Now Reading
Biden opening U.S.-Mexico border for fully vaccinated travelers, ending COVID restrictions

Note: This story is more than 1 year old.

Biden opening U.S.-Mexico border for fully vaccinated travelers, ending COVID restrictions

  • Dozens of people wait to enter the U.S. at the Dennis DeConcini border crossing in Nogales, Sonora in September.
    Paul Ingram/TucsonSentinel.comDozens of people wait to enter the U.S. at the Dennis DeConcini border crossing in Nogales, Sonora in September.

Pandemic restrictions at the Mexican and Canadian borders will be lifted by the Biden administration in November for travelers who are fully vaccinated against COVID-19, allowing travel by tourists and separated family members who've been unable to cross since March 2020.

Senior federal officials told reporters Tuesday that foreign travelers will be allowed to enter the United States if they are fully vaccinated against COVID-19. Those who cannot provide proof of vaccination will continue to be banned if their travel is still considered "non-essential." While the restrictions have blocked most travelers coming from Mexico, U.S. citizens, green card holders, and those traveling for medical care have been exempt.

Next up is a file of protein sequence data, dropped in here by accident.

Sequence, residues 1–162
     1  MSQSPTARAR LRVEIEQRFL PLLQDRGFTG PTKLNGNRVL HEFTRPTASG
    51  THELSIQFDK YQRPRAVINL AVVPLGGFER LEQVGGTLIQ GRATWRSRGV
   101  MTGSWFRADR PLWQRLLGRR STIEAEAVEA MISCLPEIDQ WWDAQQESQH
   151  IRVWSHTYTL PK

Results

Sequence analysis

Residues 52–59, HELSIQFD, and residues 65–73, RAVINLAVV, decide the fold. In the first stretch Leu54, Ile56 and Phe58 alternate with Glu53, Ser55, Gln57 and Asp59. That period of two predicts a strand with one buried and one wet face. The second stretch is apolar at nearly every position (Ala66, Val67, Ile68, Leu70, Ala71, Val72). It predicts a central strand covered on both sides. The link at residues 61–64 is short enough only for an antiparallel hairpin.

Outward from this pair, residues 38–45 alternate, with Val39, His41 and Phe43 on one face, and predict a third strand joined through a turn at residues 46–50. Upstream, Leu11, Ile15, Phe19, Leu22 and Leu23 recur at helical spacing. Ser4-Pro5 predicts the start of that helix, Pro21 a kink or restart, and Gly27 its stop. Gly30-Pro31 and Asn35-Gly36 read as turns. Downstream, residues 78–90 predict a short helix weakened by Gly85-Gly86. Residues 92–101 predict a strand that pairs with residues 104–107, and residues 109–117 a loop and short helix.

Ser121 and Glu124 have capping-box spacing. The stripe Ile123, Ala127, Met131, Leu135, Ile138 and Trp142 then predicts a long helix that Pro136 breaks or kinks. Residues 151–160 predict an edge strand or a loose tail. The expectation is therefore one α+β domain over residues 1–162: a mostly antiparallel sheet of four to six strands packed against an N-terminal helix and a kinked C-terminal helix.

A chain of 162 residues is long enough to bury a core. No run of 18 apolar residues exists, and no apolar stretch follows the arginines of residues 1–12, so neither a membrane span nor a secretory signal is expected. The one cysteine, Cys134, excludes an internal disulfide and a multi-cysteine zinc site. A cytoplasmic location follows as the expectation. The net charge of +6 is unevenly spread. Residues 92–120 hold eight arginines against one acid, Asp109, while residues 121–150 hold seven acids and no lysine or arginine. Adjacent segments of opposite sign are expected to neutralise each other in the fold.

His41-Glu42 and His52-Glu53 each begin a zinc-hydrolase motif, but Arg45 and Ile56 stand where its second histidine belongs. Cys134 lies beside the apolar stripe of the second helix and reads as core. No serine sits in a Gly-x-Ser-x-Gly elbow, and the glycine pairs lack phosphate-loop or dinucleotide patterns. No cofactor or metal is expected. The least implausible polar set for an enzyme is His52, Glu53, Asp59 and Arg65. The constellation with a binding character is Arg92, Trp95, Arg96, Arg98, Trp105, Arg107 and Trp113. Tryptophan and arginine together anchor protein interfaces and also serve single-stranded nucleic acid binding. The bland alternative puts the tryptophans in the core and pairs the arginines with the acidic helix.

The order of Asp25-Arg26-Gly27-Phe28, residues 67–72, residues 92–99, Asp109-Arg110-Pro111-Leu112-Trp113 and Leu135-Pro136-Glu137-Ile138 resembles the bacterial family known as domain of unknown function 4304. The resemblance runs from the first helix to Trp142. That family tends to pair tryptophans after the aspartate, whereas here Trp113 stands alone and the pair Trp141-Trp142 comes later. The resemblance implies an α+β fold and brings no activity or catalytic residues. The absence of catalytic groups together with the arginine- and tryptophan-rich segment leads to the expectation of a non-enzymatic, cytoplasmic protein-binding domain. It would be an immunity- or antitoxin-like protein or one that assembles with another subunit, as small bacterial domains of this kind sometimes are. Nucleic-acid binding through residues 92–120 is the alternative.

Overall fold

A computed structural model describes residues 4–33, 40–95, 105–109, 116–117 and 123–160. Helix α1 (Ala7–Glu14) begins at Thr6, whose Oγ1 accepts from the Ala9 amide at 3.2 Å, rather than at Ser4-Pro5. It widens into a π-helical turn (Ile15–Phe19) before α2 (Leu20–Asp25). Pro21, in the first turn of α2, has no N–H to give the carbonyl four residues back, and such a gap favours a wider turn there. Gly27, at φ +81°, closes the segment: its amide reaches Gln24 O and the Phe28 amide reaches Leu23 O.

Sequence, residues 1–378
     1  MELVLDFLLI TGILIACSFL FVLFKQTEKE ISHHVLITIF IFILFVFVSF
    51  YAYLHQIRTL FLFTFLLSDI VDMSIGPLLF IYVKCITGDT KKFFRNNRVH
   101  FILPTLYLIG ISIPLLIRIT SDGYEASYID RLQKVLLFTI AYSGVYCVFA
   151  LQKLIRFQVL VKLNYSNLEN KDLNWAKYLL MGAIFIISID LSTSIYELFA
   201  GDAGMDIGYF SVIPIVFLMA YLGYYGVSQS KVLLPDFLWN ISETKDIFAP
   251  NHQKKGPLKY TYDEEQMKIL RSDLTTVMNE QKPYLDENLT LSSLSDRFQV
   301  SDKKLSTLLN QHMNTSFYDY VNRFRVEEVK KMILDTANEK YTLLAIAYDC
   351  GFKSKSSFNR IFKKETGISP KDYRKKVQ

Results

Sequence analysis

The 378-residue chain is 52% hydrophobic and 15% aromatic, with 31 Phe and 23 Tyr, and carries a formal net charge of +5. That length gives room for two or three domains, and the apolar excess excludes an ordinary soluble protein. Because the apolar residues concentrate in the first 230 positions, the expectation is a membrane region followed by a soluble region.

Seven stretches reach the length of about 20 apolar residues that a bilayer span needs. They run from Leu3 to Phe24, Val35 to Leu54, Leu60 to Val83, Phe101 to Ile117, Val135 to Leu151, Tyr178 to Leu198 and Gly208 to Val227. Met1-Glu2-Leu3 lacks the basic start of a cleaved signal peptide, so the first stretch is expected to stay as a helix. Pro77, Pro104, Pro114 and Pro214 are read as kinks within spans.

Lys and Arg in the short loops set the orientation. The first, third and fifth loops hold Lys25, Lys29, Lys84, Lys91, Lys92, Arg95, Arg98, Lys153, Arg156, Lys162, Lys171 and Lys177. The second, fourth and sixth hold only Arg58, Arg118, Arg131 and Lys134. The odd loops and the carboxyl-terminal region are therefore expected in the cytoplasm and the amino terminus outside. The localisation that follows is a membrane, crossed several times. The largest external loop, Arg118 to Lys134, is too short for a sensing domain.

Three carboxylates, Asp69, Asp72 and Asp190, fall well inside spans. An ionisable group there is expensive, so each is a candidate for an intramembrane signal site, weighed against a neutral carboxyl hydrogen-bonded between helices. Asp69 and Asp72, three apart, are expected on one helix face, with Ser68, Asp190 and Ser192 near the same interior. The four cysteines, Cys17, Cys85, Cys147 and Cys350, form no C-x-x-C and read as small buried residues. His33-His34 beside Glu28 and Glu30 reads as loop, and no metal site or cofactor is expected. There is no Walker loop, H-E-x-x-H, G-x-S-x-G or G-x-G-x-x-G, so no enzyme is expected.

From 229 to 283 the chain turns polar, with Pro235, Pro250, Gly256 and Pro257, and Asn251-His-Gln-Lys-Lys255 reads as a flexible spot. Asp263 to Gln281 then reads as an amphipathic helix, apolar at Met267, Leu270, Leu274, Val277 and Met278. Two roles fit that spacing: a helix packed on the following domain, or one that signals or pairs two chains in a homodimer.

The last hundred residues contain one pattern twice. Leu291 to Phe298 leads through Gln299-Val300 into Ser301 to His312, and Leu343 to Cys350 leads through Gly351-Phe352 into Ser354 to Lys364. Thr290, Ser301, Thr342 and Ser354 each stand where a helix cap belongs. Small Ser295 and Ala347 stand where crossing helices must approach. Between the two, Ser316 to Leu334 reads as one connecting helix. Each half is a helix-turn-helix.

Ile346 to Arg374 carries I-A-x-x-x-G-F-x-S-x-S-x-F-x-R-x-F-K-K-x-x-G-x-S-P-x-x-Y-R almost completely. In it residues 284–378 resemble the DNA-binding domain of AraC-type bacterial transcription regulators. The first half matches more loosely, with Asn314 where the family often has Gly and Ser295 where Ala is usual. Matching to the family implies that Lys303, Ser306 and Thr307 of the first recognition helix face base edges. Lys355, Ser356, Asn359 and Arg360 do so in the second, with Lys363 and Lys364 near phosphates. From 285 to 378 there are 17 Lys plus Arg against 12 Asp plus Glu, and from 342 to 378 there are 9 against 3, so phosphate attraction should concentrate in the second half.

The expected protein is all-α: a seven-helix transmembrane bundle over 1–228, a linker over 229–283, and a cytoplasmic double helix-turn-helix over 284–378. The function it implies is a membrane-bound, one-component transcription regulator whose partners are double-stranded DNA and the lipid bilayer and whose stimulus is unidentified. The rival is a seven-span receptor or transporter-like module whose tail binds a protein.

Earlier this month, the Biden administration required new immigrants to be fully vaccinated against COVID-19, adding the shot to a list of required vaccinations against such illnesses as polio, measles, mumps and hepatitis as part of their visa applications.

Officials said that starting in January 2022, the U.S. will require all travelers, including those previously exempted from the restrictions, to show proof of vaccination before crossing the border. This would cover people like truck drivers, who were allowed to cross into the U.S. to support the movement of cargo along the Canadian and Mexican borders. "This phased approach will provide ample time for essential travelers such as truckers and others to get vaccinated, enabling a smooth transition to this new system," said a senior administration official CBS News reported.